Sunday, May 1, 2011

Volunteer Fire Departments 2.0 (7 of 9) Organization

This is part 7 of a multi-part series. You should have read the preceding parts: Part One, Part Two, Part ThreePart Four, Part Five  and Part Six before moving onto this one. Today's subject is Recruitment in the Volunteer Service.
 Thousands of words have been written on this subject by many authors and organizations. I will not repeat those words here. My readers are smart enough to go seek that material out and review it if they need to. There are tons of good ideas and programs already in print and ripe for the taking. I do suggest, that if Recruitment is an issue in your Department that you indeed go and look at many of these great resources.
 No, instead, in this post I will try to focus on why some Departments have little trouble with recruitment while others suffer long and hard for each new member they gain or old member they retain.
 We all know the excuses reasons that recruitment is so difficult: The training requirements, the time away from family, the current trend for many folks to work long hours or multiple jobs just to make ends meet, as well as all the hurdles people throw up for themselves such as "I am not the 'emergency type'", "I could never fit in with that crowd", "They are a tight clique, those guys are", "I don't have any experience with that sort of stuff", and "I can't afford it, either the time or the money". This last refers to the misunderstanding that each responder buys their own equipment. I know this is wrong (or it should be), but if we don't correct that minomer, they will go right on believing it, won't they?
 So the first secret I have learned from watching good Departments is this: If you want to recruit, signs, newspaper ads, and campaigns are fine, but if you really want members then you have to get out there and talk to people. Answer their questions, show them how things work, put them at ease. Do a little hand-holding (Easy folks, this is a metaphor). You can't just say 'Hey come on down to a Department meeting the first Monday of the month', you have to offer to pick them up, bring them there and introduce them around. make them feel comfortable, let them know what they can expect. Everybody has apprehension and most folks won't tell you what their concerns are, you need to guess well, and give them enough information to feel at ease. Emphasize where your Department is flexible (such as the types of jobs they can choose) and where you have strict requirements. Being open, honest, and informative helps prevents those false starts and misunderstandings.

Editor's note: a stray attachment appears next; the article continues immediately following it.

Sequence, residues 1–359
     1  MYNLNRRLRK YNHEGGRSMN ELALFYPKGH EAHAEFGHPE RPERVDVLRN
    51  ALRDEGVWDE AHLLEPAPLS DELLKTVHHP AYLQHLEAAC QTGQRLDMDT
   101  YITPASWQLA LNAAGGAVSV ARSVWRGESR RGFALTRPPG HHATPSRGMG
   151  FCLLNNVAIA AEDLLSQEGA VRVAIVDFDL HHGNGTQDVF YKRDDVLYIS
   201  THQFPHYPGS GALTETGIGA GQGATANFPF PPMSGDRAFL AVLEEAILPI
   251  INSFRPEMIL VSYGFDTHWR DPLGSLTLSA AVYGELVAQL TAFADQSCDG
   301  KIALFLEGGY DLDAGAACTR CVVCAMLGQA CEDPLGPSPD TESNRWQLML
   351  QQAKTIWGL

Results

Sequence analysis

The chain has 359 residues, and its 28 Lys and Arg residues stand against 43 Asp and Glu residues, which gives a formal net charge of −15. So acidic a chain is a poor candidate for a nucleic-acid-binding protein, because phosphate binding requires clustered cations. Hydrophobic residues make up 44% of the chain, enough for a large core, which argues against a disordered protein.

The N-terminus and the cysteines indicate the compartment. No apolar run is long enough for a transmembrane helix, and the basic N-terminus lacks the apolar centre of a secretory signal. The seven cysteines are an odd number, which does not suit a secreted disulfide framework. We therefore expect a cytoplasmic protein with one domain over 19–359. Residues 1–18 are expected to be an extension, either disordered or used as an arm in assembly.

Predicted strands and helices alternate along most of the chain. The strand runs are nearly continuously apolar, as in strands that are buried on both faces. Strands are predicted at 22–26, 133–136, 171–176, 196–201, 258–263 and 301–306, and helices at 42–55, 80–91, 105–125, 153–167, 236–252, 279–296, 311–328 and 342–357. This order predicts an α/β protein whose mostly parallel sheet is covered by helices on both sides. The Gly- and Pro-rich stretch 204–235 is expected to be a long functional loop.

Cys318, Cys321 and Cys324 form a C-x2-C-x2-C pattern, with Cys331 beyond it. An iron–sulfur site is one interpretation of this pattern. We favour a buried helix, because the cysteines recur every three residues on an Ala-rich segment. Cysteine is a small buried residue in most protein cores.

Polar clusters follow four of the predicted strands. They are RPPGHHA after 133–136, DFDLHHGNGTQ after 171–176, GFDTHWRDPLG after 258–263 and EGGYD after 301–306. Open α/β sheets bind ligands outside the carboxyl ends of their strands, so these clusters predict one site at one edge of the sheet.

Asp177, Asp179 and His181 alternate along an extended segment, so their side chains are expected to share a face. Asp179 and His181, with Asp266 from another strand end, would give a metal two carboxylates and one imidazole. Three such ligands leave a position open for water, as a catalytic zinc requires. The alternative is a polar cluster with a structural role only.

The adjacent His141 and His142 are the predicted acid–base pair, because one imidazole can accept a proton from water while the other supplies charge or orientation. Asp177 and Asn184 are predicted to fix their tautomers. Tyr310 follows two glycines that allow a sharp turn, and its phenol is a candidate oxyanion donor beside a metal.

The next glaring secret I have seen is having all those other things that we talked about in the proceeding posts: Having a solid Organization, good and effective training, making good use of your members time, and all those other things, make members feel welcome and valued. This is key: if people are giving their time, YOU need to SHOW them how valuable that time is to the Department and community. NEVER ASSUME that they know this, keep reminding them. In my Department, I never do a call where somebody at some point does not say "Hey, thanks for coming, nice work", or something along those lines. It just good business and a nice habit to get into. It's easy, it's free, and it DOES mean something. It means somebody realizes you dropped what you were doing and came to help. Even if you did very little, you did show up ready to work, and that means a lot. Think about that on your next call.
 I mentioned doing all the other things previously discussed, but I want to focus on training. Most folks who stay in this business do so because they like it. They like helping and being good at their job, that takes training. I know that many Departments think they already spend too much time training, but I am going to point out again that if you have good solid, productive, and meaningful training, your members will stick around longer. I know of 2 Departments in neighboring towns. One Department added a retirement incentive plan (LOSAP) for their Volunteers and several members from the second town transferred over to the other Department because of that plan which their Department did not have. Several folks who joined in later years chose the Department with the retirement plan. Well, over time it became clear to many that the Department with the retirement plan didn't offer much else, whereas the second Department had an outstanding training program that was ongoing and consistent. These days there are several members in the retirement Department trying to transfer over to the Department that has regular training because it is a better performing group, more active, and has interesting and regular training. The Department with the retirement plan is known in the area as largely lacking in skills and calls regularly for mutual aid on routine calls, whereas the Department with the good training is called to assist them and many other Departments in the area because of their proficiency. They are widely known as a crew that "comes ready to work". Incidentally, this Department had to put a moratorium on new members last year because they had more people coming in than they could handle with training and gear requirements. Nice place to be, isn't it? Too many new members. Everybody in the County wants to know what "their Secret" is. Well, I just told you.
 This post is short, because it's simple: Treat People right, Let them know what they can expect, and do what you promise. That's it.
 Now if you have some recruitment secrets, please post a comment and let everybody know what works for your Department. People are always looking for ideas, and many hands make light work.
 NEXT UP: (after an intermission) Recognition

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